The Awful Toll of Brinksmanship

As the Spirited Reasoner (aka “Raging Centrist”) posts this weekly message, President Biden and Speaker McCarthy are still haggling over a debt ceiling settlement. This despite the fact that Treasury Secretary Janet Yellen has warned of a possible default if the ceiling is not raised on or before June 1st. I fully expect the extremes of both parties to trash whatever bill emerges from the talks while accusing their respective negotiators of having caved to the other side. None of that will matter if a bill sails through Congress in the nick of time. What will matter instead is the toll this process has already taken on the full faith and credit of the United States; i. e., the reputation of our government at home and abroad.

One of the pleasures of hosting this blog is the freedom it affords me to blast both sides of the political spectrum. Given the fact that both sides seemed to feel fully justified in forcing We The People through this budgetary laundry wringer, I believe both sides deserve to read the following complaint, coming as it does from a voice in the mainstream middle.

First a criticism of those hard-liners on the right:

Yes. We get it that you believe our federal budget is bloated and needs to be hemmed in. And, since you don’t control the Presidency or the necessary votes in the Senate to get everyone’s attention on this issue, what more effective method could there be than to hold the nation hostage just when the debt ceiling is about to be breached? Here’s the flaw in your logic: If you really believe that the national deficit is so seriously out of control that it might wreck the economy at some point in the future, how can you justify wrecking the economy right now (and for generations to come) by causing a default? The moment such a default occurs, our entire banking system (and our checking accounts, savings accounts, IRAs, etc.) all become less secure, because every aspect of our economy is based on the iron-clad guarantee of our federal currency, treasury bonds, and other financial promises. If you think you saw long line of people on the news—you know, the one coming out of that failed bank in Silicon Valley—imagine the lines of depositors you will see when every bank in the United States begins to fail. What I hear you saying is that you are willing to wreck the economy in order to avoid wrecking the economy.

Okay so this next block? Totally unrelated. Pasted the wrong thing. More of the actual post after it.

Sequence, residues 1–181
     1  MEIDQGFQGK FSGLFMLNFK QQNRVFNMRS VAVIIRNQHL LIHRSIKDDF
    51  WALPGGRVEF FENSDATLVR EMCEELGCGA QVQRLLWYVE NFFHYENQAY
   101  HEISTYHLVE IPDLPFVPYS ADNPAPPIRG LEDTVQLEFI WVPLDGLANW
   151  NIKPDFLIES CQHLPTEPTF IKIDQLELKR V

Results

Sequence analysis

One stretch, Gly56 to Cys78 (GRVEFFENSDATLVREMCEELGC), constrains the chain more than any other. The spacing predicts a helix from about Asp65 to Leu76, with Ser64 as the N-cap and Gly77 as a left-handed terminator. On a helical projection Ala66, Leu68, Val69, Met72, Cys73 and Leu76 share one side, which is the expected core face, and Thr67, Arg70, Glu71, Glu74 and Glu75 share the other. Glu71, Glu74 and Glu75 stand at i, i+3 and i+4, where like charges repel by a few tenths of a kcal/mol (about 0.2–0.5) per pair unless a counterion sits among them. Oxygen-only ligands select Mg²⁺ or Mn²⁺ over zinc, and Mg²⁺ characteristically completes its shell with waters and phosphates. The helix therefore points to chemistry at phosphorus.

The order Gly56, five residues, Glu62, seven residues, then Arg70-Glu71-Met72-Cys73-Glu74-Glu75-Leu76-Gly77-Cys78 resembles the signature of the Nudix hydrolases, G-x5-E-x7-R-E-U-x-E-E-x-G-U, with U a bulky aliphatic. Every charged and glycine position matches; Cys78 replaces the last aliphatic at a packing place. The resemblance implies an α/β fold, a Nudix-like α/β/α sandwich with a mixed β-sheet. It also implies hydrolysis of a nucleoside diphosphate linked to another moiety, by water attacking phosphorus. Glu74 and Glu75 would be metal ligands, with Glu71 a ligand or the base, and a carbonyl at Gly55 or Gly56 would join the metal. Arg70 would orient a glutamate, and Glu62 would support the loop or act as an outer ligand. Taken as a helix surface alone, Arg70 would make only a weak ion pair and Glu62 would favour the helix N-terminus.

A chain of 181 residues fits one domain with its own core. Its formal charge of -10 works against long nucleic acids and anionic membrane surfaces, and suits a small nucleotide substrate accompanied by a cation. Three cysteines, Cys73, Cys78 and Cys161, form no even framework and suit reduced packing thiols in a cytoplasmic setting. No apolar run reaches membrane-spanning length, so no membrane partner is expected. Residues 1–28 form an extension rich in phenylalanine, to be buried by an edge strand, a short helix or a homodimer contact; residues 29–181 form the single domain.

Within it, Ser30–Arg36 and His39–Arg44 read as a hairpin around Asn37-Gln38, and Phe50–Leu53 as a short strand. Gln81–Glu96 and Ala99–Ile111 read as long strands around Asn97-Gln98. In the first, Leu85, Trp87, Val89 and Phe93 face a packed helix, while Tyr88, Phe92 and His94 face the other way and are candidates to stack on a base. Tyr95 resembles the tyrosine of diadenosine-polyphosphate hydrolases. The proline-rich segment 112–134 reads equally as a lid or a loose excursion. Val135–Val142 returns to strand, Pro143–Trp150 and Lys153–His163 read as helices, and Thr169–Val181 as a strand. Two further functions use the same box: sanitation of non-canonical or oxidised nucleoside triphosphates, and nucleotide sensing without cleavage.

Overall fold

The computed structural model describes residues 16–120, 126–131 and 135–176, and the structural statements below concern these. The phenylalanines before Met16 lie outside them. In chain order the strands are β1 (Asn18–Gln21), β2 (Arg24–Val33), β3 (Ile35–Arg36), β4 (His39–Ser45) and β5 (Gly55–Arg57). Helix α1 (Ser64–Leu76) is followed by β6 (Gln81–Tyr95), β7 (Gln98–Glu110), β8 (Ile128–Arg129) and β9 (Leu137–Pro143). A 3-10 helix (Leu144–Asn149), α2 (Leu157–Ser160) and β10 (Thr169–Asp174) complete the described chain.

Now a criticism to those hard-liners on the left:

Yes. We get it that the spending bills were passed by Congress and signed into law by the President. But that doesn’t necessarily mean that those bills authorized the President to ignore the debt ceiling. President Biden must certainly have had his opportunities throughout the first two years of his Presidency to gaze down the road toward this inevitable debt ceiling showdown. He could have reacted as follows: “Since our current rate of spending is too high to remain below the debt ceiling, I need to find ways to slow things down in order to avoid that scenario.” But instead, he chose to keep spending, apparently adopting the attitude, “Hey, what the hell, I can always cut deal with the Republicans at the last minute.” Seems to me this attitude risked wrecking the economy in order to maintain a high rate of government spending.

It would be easy for those of us in the middle to just say “a pox on both your houses.” Trouble is, we all live in the same house.